Humans are great at having good intentions. Sticking with your intentions and carrying them out, however, are far more challenging for many reasons. Change is hard even if you perceive the outcome of the change as positive.
Self-control is a skill, not a character trait. It is something you initiate, practice, and develop by getting into the habit of controlling your behavior. You may be well-practiced in giving in to urges, but you might not be as practiced in self-control. There is no magic to self-control, only persistence and practice. The good news is that means that self-control is something you have the ability to improve.
While self-control is not the same thing as addiction recovery, it certainly has a role in sustained addiction recovery. Here is what you should know about self-control if you are in recovery from addiction.
It is only natural for someone who has never experienced addiction to say to themselves, “Why don’t they just stop?” in reference to people who abuse alcohol or other substances. Addiction physically changes the structure of the brain, however. It is not a weakness of character or inadequacy of willpower but is, in fact, a brain disease.
Think about it. Have you ever met an addict that deliberately decided to become an addict? Of course not. That is because the brain of the addict is co-opted and rewired by addiction. Self-control is too frail a dart to penetrate a hide as tough as addiction. Once addiction recovery is underway, self-control gains a more important place in the recovering addict’s toolkit.
Dealing with urges and cravings is part of addiction recovery, and it is like learning to cook or skate or play piano in that you have to start out as a beginner, force yourself to start behaving differently, and consistently practice those actions. It will not feel good at first, and you may feel clumsy or incompetent. This is perfectly normal, because self-control is a skill, and for a skill to be demonstrated consistently, it must be practiced consistently and deliberately.
Stalling, distracting yourself, and ultimately resisting urges starts with reminding yourself that urges are generally time-limited. They subside if you stall on acting on them, and abate as you learn to divert your thoughts and actions to other things. In one study, kids left alone with a candy bar who were told they would receive two candy bars if they resisted eating it used valuable techniques to resist the temptation. They distracted themselves. They even verbally reminded themselves that something better awaited if they exercised self-control and resisted the temptation to eat the original candy bar. Short-term tactics can help you ride out many of your urges or cravings.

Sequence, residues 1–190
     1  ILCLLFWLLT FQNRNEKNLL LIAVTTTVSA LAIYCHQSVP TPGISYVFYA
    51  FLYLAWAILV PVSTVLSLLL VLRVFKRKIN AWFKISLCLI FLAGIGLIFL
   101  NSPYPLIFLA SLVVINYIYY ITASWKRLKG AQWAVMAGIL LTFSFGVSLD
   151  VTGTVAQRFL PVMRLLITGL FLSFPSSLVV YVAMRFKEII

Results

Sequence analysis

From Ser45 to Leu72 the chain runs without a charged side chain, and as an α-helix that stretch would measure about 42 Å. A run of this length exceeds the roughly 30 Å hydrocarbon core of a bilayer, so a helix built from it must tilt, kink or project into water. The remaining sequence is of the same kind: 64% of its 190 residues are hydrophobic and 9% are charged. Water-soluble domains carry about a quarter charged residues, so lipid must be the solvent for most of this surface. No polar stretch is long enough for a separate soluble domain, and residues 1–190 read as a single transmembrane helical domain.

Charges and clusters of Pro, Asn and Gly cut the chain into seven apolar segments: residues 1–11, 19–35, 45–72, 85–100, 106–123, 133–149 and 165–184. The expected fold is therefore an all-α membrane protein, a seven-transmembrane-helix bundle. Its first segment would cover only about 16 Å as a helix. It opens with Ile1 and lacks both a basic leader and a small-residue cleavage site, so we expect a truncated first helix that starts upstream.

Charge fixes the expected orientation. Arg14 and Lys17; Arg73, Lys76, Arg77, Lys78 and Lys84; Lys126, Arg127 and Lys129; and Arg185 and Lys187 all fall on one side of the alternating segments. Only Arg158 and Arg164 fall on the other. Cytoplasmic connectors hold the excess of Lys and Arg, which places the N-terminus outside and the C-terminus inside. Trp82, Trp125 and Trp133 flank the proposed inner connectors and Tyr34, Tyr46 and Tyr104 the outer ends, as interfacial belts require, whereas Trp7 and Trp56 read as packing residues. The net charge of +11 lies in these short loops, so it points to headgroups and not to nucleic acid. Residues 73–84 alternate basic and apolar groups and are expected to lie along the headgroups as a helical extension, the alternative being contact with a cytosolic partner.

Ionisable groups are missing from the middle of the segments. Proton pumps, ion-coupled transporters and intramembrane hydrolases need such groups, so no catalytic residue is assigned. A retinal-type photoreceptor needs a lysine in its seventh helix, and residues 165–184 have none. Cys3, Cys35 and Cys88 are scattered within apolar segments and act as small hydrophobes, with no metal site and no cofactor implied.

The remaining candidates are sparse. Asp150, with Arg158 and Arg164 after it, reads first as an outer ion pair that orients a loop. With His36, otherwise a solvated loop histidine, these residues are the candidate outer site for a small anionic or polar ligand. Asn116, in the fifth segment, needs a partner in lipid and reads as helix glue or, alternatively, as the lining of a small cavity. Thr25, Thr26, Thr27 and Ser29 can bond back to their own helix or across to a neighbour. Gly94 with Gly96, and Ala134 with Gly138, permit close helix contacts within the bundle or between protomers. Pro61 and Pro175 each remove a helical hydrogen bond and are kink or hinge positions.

Self-control is easier to develop if you build it upon a foundation of smart attitudes and “best practices.” Here are several attitudes and actions that can help you in your journey toward better self-control in addiction recovery:
No single step will “fix” self-control. Rather, you have to work on all aspects of it, and it can be a real grind sometimes. But just as muscle strength increases with exercise, making physical workouts easier and more rewarding as time goes on, self-control increases when it is exercised on a regular basis as well.
Self-control is not the same thing as addiction recovery. It is a component of sustained addiction recovery, however. And it is something you must deliberately practice if it is to become easier and eventually automatic. If you have questions about addiction recovery, we encourage you to contact us today.